This was in August of 2017 – so over 2 years ago now. And this feeling of empowerment has spread across all areas of my life and continues to do so. I started to surprise myself by speaking up more in work and personal situations, feeling confident in sharing my opinions and leaving a job I hated even though I didn’t have plans for another one (yet of course, everything worked out perfectly).

I began to value my time more and do things I wanted to do verses just what others expected of me, I started saying “no” more often to people and having a sense of peace and groundedness in the truth of who I was. Knowing that my truth is for me and no one else, and it doesn’t matter if someone disagrees because again, it was my truth.

On the Scale of Consciousness, “recovery from alcohol addiction” vibrates at a 350 which is at “acceptance” and interestingly enough the same vibration as the “high” achieved through alcohol and drugs. And from here you move up to reason, love, joy, peace and enlightenment.

Going up the scale from alcohol dependence or “fear” you pass through the higher vibrational emotions such as anger, courage and willingness. For me, I definitely feel like these past couple of years have been stepping stones toward claiming the worth I feel now. There was a lot of anger in me I had to process which I had used alcohol to numb for ten years. I had to find courage to stand up for myself when I never had before – and the willingness to go after my growth no matter how hard it was sometimes (and still is).

So to me, for alcohol recovery to be at a vibration of acceptance meant many things, one of which was true acceptance of myself. With all my flaws, all my regrets and mistakes. By getting out of the fearful trap of alcohol addiction, I was for the first time in my adult life truly able to unconditionally accept myself and realize that I had value simply because I was alive. I didn’t have to do anything to be worthy, I am worthy, period.

Going up the scale

While I was addicted to alcohol, I rarely felt feelings of joy and peace. If I did they were fast fleeting and it was as if I was afraid to feel them… as if it made me too vulnerable to experience such an innocent, pure emotion. I had always wondered why this was, and now I understand more through this Scales of Consciousness work.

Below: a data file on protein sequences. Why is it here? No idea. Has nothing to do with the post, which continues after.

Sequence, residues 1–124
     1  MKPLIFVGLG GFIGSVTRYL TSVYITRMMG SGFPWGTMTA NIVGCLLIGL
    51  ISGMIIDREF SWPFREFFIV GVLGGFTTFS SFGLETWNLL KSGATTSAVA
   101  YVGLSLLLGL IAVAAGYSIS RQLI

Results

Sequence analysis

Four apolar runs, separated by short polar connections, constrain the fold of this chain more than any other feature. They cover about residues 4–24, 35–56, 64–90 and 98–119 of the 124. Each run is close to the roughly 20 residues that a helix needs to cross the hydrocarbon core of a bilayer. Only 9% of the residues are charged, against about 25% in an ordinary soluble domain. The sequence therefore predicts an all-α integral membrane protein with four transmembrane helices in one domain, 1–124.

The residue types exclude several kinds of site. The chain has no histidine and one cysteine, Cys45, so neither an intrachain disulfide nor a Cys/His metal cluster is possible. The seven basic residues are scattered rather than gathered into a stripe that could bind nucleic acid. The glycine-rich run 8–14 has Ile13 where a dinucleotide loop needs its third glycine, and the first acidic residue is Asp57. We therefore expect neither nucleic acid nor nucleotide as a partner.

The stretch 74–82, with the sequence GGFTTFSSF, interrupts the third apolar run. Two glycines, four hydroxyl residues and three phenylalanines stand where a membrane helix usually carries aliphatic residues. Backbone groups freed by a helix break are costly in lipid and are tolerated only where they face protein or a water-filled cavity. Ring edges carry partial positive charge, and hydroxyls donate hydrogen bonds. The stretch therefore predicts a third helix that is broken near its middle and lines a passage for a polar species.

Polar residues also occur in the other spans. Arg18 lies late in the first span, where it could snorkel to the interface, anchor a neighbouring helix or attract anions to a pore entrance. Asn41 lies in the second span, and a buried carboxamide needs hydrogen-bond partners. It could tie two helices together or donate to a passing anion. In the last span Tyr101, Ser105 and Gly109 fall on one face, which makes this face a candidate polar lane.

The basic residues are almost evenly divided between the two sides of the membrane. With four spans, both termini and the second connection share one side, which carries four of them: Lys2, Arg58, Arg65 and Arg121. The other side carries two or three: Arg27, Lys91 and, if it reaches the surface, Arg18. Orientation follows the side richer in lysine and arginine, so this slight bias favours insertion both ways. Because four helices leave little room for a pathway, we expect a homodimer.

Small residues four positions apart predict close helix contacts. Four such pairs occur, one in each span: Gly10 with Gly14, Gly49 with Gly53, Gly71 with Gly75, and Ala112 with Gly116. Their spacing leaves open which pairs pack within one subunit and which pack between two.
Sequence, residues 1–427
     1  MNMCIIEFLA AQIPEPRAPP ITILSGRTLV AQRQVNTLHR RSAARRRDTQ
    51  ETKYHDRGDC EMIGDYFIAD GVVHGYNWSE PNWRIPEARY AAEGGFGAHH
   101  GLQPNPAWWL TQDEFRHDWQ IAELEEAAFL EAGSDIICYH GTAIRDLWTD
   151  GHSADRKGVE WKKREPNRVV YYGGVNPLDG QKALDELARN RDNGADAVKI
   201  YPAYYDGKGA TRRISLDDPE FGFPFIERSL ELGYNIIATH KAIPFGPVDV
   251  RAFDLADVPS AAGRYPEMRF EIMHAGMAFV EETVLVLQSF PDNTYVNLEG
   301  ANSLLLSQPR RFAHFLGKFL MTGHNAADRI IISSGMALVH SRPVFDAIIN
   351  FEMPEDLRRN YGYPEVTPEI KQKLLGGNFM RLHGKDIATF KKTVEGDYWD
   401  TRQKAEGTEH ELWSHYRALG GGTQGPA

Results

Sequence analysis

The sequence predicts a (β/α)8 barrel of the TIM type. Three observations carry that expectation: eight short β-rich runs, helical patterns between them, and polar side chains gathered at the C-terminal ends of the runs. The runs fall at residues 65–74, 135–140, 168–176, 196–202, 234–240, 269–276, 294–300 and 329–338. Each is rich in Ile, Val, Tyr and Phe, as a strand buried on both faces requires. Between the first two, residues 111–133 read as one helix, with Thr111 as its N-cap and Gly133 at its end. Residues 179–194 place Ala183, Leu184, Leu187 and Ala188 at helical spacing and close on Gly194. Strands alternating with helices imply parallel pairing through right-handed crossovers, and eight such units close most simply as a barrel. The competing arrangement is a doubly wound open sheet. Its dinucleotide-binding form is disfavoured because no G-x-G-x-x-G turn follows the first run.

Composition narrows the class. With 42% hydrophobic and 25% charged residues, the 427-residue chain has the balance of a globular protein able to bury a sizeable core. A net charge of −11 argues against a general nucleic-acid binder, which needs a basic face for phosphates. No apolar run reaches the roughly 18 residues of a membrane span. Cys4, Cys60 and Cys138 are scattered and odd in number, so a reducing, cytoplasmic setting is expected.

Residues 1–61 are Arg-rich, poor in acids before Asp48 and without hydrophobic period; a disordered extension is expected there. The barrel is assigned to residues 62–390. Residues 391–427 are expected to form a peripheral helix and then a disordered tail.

Energetically, it was impossible for me to vibrate at the feelings of joy or peace when I was stuck in alcohol dependency everyday for ten years.

And now, I feel joyful and at peace on a regular basis. And what’s been so surprising is that the smallest things can trigger the most profound joy in me. For example, there’s a big tree outside my window where hummer birds frequent, and whenever I’m lucky enough to see them, I stop in my tracks and marvel at their beauty, delicacy and wonder. This makes my heart so full to see this simple act of nature. I know this is something I was completely oblivious to when I was drinking heavily.

I was numb to simple pleasures and simple beauties. Now, I see them everywhere.

Alcohol addiction is truly a trap. It keeps you stuck in fear and the only way out is to escape the trap. And the trap for me existed so much in my mind and the obsession with alcohol. As I mentioned above, before TSM even when I was sober I was still obsessing on alcohol… I was still very much in the trap. But thanks to the amazing work by Dr David Sinclair, and the naltrexone treatment, I am truly freed from the trap, for good, and never going back.

Thanks for stopping by.